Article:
The next step on your way to getting ready for immigration to Canada is obtaining a SIN number and Health Insurance.

 For a SIN number, newcomers must apply in the Canada Employment Center nearby them.

 Healthcare service in Canada is paid. But it is free for permanent residents as all medical expenses are covered by the government. At the same time, each province has its own system of health care insurance.

 The application process for the Health Insurance takes place in the Ministry of Health nearest office, where applicants fill out the form and submit it to the clerk, after which, they will take a photo of a newcomer. Health Card – plastic card -  is usually issued within several weeks.

 While getting ready for immigration to Canada, it is important to keep in mind that in some provinces newcomers are eligible to apply for the health medical insurance only in three months after their arrival in Canada. Another option would be buying private insurance for any services newcomer’s province’s public doesn’t cover. Some Canadian employers offer health insurance packages for their employees.


Getting a phone


 Local companies offer a variety of cell phone lines. There’s no need to book home telephone line. There are two systems in Canada, GSM, and CDMA. To use a cell phone which can work outside North America, it’s better to choose a GSM standard.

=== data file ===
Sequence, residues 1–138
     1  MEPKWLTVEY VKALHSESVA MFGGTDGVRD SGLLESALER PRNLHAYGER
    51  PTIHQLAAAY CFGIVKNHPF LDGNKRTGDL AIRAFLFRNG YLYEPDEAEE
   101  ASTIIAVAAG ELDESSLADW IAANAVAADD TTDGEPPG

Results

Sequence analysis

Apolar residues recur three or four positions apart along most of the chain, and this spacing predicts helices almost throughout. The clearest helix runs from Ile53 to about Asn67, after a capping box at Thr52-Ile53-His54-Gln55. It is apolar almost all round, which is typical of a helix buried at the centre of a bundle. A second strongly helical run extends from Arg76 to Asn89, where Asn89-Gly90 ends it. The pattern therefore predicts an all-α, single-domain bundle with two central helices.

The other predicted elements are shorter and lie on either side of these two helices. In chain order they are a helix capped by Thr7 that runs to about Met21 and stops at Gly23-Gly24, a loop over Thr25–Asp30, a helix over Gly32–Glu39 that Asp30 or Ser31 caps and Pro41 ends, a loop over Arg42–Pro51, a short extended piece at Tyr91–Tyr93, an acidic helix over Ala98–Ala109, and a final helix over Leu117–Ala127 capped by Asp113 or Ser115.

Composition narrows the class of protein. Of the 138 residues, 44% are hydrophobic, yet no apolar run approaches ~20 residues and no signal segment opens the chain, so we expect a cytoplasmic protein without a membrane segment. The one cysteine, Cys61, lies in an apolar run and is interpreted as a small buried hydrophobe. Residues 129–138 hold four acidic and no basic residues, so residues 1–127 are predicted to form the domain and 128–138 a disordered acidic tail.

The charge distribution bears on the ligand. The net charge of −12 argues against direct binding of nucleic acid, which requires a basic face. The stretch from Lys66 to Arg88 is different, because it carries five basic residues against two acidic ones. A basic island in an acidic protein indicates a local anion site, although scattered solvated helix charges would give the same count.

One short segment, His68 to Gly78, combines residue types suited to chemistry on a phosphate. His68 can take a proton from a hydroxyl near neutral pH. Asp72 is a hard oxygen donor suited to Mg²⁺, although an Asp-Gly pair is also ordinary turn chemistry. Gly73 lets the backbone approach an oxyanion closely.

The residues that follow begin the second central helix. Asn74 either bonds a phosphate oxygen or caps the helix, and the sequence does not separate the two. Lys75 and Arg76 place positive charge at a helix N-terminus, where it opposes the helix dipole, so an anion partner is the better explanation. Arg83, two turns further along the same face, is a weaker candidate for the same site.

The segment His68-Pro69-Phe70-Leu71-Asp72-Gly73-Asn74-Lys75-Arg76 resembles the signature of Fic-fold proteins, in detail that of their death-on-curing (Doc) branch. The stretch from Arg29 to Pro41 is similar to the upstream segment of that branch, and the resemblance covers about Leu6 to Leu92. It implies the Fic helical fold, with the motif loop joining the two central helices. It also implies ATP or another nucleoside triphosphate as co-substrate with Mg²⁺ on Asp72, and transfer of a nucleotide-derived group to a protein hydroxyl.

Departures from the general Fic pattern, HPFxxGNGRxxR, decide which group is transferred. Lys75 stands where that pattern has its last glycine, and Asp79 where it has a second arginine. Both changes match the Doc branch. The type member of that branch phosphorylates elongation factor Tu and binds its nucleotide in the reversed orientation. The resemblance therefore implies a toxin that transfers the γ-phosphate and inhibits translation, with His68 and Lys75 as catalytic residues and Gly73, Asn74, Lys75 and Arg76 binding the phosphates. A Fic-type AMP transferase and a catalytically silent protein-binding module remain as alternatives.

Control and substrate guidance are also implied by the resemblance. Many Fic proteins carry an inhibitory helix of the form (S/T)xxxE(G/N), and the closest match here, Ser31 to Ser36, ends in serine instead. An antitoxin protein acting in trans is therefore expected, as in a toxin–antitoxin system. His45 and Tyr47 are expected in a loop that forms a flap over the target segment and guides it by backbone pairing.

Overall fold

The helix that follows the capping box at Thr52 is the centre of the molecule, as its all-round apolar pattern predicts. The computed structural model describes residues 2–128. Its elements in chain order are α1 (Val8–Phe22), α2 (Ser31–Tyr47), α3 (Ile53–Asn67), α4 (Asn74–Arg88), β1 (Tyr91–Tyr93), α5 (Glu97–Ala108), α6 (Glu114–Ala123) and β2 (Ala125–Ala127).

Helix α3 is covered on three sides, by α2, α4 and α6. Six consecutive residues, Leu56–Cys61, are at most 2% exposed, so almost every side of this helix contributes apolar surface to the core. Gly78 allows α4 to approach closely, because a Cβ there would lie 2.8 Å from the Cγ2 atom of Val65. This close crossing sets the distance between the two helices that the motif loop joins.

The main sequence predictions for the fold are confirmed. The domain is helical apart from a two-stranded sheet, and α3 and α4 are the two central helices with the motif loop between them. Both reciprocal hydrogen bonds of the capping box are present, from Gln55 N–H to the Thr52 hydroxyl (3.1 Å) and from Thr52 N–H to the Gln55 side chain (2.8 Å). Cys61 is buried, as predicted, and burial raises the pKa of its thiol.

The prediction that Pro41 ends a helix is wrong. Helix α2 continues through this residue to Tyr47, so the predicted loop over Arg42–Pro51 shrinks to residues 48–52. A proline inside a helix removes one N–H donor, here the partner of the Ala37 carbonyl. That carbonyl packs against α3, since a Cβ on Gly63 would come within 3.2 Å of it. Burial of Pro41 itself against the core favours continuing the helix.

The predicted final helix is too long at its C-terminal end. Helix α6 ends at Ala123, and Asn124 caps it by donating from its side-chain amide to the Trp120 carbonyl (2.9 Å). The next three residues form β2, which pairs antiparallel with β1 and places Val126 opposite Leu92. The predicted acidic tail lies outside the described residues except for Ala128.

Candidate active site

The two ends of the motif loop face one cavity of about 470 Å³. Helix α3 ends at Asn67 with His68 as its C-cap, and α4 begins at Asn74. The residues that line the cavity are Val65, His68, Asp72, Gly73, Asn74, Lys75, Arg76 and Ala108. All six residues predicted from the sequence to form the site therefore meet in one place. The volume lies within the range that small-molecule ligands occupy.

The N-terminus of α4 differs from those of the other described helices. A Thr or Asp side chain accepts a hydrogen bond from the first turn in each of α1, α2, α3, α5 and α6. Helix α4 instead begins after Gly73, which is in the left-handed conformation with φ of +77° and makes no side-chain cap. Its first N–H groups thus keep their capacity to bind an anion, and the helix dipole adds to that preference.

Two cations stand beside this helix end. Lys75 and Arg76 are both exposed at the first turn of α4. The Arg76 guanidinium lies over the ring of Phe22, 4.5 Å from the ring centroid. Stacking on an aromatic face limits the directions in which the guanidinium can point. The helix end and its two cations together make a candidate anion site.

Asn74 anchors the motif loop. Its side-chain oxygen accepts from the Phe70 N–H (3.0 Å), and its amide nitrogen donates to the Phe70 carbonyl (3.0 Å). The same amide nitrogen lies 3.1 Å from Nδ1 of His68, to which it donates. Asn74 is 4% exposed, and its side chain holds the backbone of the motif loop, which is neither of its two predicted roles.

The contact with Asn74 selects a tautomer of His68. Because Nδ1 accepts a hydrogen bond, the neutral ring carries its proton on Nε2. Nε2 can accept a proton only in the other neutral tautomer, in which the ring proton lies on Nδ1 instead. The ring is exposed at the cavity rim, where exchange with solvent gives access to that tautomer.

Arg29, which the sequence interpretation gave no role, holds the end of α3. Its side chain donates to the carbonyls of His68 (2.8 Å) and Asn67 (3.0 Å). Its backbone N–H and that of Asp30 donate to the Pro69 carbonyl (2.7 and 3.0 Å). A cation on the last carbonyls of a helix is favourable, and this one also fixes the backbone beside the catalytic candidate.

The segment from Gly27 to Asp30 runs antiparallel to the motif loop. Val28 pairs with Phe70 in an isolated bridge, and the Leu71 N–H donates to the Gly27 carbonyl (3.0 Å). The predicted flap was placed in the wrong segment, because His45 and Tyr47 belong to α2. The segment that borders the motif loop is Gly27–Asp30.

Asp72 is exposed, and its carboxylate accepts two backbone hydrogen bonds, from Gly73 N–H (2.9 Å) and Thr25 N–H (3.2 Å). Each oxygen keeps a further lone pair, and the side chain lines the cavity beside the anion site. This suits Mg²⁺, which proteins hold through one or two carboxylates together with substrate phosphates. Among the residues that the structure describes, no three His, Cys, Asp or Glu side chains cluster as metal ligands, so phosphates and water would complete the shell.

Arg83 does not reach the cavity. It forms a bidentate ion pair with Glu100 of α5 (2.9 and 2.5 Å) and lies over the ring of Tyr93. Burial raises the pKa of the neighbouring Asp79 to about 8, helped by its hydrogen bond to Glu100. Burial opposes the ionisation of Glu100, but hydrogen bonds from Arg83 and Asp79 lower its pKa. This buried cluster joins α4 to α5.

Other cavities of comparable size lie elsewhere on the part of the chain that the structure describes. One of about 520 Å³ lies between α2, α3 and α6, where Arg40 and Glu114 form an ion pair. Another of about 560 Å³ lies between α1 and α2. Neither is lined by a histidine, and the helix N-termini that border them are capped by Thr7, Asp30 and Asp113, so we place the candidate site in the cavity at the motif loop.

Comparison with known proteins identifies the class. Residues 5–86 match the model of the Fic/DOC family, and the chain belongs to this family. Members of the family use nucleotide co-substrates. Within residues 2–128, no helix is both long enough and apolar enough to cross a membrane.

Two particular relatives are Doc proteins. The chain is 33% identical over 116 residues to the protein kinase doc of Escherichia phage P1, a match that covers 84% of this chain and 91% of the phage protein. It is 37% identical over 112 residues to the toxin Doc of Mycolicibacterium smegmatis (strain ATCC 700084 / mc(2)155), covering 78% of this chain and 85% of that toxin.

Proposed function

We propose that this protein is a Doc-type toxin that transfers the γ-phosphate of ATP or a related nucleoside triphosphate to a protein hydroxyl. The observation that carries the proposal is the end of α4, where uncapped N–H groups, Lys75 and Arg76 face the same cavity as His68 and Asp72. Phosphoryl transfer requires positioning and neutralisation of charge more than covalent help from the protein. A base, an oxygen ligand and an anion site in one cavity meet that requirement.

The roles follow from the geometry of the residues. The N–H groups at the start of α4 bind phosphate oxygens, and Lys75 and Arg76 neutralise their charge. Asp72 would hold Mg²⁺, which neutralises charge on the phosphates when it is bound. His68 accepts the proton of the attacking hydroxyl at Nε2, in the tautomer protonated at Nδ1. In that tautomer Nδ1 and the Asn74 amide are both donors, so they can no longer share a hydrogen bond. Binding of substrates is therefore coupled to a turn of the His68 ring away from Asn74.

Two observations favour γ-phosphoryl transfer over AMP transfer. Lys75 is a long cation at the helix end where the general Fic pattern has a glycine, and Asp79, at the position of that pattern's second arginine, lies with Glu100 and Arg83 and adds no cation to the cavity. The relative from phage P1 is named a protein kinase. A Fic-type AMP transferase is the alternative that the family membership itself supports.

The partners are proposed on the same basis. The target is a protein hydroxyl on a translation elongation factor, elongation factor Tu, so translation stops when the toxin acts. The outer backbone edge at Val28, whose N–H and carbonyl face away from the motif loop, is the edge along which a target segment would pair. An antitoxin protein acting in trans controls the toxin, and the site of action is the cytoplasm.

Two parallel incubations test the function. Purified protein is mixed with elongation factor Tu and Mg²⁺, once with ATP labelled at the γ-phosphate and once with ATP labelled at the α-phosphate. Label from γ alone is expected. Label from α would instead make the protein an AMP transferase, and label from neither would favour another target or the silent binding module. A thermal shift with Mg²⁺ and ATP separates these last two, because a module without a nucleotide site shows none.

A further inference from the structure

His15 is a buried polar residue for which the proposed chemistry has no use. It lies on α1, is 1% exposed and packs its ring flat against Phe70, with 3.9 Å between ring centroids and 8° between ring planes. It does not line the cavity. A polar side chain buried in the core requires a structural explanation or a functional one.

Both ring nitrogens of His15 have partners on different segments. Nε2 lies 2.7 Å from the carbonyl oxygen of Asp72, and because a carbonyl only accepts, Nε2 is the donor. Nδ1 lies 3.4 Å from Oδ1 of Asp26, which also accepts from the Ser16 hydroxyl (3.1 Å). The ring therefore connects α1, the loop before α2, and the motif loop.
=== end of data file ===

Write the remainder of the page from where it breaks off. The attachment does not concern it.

In general, mobile packages are more expensive than, for example, European plans. Many phone companies offer discounts on one or two-year contracts.  To avoid charges for incoming calls, it is preferable to set a monthly limit on the calls.

 At the same time, cheaper mobile phone packages don’t include long-distance calls, even within Canada. A brand-new immigrant who is looking for a job in Canada should set a package with unlimited texting and calling for local calls.

 Many mobile phone packages offer international calling or texting plans, so it’s easy to stay connected with your home.


Opening a bank account


 Most payment transactions in Canada are processed through debit, credit cards, or bank checks. For some payments, local residents use the so-called Pre-authorized payments.